Nothing could be finer than to be a Ute fan in Carolina.
This week, anyway.Normally, being a University of Utah basketball fan in Atlantic Coast Conference country is a trying experience.
North Carolinians are convinced they invented basketball and created the world's greatest hoopster, Michael Jordan. Many ACC supporters deny that other college basketball conferences even exist.
And any University of North Carolina fan knows the Earth rotates on its axis thanks to legendary UNC coach Dean Smith, who remains a demigod in retirement.
"They'll kill each other" over basketball, said Mary Lameka, a 1989 Utah graduate who has survived in Chapel Hill for nine years. "There is such a rivalry here between Duke and North Carolina it's ridiculous. People here are tribal. Some will refuse to speak to each other if they're wearing (the other team's) shirt."
In a land where a hangnail on the non-shooting hand of a backup small forward for Wake Forest is big news, a Utah fan could starve from lack of information. Two time zones away, sometimes the only connection a Carolina Ute fan has with the team is CNN and a two-second glance at the score as it flashes across the bottom of the screen.
Ben Franklin, a software engineer in Durham and a former Utahn, said he relies on phone calls from friends in the Beehive State to keep him informed.
But this week is sweet for Franklin, Lameka and other Ute fans living along Tobacco Road. There is no shortage of Utah basketball news in the local media, and Utah fans who've badgered their neighbors and co-workers with pro-Ute verbiage for years are finally getting some attention.
"I told 'em before every game, `Watch out for the Utes, they are better than you think,' " said Randall Fisher, a Provo native and assistant professor of pediatrics at Duke University Medical School.
Fisher, a 1984 Brigham Young University graduate who always roots for the Utes - except when they play the Cougars - now has plenty of company. Many of his co-workers have become instant Ute fans now that Utah is playing Duke's archrival, the Tar Heels.
Life for Carolina Ute fans is about to change even more, for better or worse.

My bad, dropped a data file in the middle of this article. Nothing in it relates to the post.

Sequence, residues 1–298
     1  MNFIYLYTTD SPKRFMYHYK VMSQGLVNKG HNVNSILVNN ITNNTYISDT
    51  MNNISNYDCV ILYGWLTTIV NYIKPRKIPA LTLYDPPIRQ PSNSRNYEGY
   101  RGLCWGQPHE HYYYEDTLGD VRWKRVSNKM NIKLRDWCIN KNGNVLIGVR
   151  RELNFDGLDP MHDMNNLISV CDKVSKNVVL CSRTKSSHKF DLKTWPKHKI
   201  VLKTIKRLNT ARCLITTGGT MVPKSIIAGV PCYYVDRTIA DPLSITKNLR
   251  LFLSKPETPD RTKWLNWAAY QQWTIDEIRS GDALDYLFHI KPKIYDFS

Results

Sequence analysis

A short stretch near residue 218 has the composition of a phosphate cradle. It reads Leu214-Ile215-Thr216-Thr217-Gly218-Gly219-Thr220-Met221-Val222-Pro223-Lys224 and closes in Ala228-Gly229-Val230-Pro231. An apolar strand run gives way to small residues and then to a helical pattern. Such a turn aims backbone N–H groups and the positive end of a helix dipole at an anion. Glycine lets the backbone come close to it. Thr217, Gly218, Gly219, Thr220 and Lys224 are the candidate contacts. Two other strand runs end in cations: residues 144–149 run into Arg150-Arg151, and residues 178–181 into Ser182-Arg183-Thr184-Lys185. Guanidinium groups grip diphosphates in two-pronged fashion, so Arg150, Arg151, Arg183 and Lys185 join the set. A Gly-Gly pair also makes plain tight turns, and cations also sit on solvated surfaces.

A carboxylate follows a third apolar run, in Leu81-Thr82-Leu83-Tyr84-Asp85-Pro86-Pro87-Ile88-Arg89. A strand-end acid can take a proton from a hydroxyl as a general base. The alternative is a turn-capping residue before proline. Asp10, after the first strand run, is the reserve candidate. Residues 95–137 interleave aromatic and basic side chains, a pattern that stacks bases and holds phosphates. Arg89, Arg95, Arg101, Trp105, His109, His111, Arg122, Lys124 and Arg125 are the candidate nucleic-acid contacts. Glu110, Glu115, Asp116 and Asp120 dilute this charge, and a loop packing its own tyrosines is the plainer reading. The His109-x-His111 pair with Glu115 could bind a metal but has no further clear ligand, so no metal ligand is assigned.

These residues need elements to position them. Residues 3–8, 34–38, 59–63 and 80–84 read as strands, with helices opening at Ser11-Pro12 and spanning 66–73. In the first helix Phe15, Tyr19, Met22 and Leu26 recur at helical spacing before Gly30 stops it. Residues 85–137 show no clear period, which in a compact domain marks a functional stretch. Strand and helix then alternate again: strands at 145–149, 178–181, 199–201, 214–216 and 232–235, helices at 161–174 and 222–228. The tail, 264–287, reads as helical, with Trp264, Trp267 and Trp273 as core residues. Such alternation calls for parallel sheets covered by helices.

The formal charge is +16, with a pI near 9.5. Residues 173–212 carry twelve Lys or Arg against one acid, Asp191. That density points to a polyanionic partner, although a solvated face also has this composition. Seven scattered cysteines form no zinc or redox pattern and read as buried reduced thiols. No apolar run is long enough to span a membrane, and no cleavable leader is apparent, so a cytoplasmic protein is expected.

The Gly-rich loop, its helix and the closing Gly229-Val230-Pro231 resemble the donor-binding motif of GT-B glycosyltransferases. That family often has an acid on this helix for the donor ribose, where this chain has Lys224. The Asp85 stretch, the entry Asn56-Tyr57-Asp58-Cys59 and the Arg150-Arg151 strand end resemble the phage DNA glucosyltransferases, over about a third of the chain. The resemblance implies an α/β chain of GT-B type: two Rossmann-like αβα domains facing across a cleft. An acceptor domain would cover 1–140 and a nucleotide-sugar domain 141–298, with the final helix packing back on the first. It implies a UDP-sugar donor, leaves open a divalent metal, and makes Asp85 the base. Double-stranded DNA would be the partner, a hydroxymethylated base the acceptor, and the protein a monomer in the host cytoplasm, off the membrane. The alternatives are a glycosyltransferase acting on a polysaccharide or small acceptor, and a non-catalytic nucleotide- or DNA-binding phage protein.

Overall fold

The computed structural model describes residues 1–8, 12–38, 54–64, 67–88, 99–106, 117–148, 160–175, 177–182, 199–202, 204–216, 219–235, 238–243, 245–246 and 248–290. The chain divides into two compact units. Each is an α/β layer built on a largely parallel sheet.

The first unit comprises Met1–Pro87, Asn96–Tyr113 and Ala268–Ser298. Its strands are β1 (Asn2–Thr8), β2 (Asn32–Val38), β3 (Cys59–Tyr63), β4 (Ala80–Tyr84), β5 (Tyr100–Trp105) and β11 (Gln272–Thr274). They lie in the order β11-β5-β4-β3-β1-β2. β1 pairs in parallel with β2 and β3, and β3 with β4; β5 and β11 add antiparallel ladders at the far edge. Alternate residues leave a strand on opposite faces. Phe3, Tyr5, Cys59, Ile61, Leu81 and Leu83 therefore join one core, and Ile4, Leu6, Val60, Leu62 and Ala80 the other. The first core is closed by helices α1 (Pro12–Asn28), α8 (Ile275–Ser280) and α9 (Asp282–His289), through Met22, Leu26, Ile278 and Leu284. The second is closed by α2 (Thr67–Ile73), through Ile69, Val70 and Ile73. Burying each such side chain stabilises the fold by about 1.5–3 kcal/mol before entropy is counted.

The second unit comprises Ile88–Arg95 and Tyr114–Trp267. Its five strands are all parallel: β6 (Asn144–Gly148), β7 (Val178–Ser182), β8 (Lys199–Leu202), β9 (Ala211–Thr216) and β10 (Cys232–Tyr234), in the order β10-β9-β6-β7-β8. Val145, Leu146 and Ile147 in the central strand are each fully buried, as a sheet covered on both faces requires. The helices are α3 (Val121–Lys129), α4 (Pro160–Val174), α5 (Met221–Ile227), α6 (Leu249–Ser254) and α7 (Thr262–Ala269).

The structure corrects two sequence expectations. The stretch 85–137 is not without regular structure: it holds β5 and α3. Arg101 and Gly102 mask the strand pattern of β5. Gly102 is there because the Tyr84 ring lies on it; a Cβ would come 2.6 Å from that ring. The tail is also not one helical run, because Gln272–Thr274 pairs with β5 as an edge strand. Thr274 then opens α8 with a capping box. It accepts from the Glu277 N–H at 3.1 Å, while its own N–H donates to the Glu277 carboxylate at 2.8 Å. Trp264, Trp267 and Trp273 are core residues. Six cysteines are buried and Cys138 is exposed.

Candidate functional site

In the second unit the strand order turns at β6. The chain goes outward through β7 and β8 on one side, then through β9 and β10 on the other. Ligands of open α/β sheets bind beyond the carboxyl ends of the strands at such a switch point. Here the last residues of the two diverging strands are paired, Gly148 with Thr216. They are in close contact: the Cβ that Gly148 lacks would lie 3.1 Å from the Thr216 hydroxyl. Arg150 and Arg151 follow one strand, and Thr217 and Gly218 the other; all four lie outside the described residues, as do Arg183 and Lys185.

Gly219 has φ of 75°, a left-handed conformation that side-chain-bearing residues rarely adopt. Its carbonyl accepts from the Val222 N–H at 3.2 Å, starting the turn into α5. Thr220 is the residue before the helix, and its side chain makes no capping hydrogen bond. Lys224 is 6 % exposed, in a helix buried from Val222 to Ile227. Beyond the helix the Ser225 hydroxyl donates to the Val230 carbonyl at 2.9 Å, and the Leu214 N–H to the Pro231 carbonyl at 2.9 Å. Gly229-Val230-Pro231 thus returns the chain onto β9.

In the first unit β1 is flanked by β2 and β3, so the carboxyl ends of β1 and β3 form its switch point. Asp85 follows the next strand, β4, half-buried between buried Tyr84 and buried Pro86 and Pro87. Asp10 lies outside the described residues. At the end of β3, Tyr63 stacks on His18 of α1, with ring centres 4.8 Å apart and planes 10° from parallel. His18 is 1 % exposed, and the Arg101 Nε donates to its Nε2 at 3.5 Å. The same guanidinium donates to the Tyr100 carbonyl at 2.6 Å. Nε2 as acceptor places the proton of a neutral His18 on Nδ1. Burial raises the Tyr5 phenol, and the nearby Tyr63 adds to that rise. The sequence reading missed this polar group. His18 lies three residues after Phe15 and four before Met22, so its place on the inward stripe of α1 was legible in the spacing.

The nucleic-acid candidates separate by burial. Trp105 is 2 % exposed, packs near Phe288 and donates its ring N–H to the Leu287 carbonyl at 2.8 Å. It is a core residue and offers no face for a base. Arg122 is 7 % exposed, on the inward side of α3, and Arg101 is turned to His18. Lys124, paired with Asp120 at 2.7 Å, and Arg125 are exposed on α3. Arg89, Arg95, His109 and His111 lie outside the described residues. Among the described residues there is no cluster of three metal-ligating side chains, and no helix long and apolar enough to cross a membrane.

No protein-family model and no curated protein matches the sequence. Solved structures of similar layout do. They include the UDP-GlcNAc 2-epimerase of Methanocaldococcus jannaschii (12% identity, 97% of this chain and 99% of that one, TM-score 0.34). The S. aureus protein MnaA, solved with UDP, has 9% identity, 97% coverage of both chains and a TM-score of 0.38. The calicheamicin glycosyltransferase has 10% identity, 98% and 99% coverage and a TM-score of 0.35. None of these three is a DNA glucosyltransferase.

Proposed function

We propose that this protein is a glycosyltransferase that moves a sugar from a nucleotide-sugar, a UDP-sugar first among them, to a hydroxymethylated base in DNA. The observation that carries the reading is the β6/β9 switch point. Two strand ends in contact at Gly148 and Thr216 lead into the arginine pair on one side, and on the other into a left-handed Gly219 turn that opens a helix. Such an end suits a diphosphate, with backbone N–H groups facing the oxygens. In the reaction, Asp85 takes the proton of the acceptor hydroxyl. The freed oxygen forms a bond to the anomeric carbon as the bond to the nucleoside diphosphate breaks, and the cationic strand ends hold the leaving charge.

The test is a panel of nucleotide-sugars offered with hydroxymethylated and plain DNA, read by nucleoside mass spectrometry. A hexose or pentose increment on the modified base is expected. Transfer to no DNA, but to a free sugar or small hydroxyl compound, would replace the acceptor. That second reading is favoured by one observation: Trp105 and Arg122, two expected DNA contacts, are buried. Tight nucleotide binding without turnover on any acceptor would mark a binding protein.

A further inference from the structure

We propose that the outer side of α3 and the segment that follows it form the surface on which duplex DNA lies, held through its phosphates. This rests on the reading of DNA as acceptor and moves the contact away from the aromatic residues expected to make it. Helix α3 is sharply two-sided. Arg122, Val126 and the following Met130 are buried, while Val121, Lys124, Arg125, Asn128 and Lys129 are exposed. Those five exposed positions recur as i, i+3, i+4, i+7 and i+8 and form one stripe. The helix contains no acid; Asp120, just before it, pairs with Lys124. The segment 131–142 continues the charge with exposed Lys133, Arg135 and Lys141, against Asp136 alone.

A Utah victory in Saturday's Final Four semifinal over the top-ranked Tar Heels would transform them into privileged ambassadors with keys to the city, or at least the gymnasium.
But a loss would be a humiliating setback, likely to prompt a self-imposed, seasonlong sentence of house arrest, or perhaps leading to a state-mandated exile to that barren wasteland of perennial NCAA Tournament flops, South Carolina.
According to the University of Utah Alumni Association, 758 graduates and friends of the university are living in North Carolina. That amounts to 0.5 percent of all known university grads and friends, and ranks 26th in Utah alumni population among the 50 states and Washington, D.C. Utah, as expected, has the most Utah grads living within its boundaries. California is second. Vermont is last.
While 758 is too many to fit in front of your living room big screen, finding a Utah graduate among North Carolina's population of 7.3 million is like finding an uneaten candy bar in Rick Majerus' office. They're hard to come by. And so is Utah sports coverage.
Throughout the year, the Durham Herald-Sun has published a sum total of 6 inches of copy about the Utah basketball program, according to the paper's assignment editor, Bill Stagg. But don't get the idea that North Carolina journalists are uneducated.
"We know where Utah is," Stagg said over the phone Wednesday, his accent confirming his identity. "This may be North Carolina, but it's not South Carolina.
"There is no basketball outside of the (Raleigh-Durham-Chapel Hill) triangle. You'd read a lot more about Kentucky and other strong programs, even UCLA (in the Durham paper). I think Utah suffers from not being on one coast or the other."
Some Utah fans are more than just out of touch in Carolina. They've been converted.
Gregory Georges, an 1985 Utah graduate, has lived in Chapel Hill for six years and apparently is beyond recovery.
"I would love to see North Carolina just crunch 'em," said Georges, who claims no genealogical link to Benedict Arnold. "You can't live here in North Carolina and not follow North Carolina basketball."
Phil Larson Jr., a 1977 graduate, has somehow managed to maintain his loyalty to the Utes. Until, that is, Saturday's Final Four matchup materialized.
"He is in a terrible struggle. He's a Ute fan, but he's lived in Chapel Hill for 20 years, so he's having the worst time in the world" deciding which team to pull for, said his wife, Susan Larson.
Larson also is having a tough time convincing his 6-year-old son, Traynham, to favor the Utes over the Heels, his wife said. A Utah victory on Saturday would certainly help.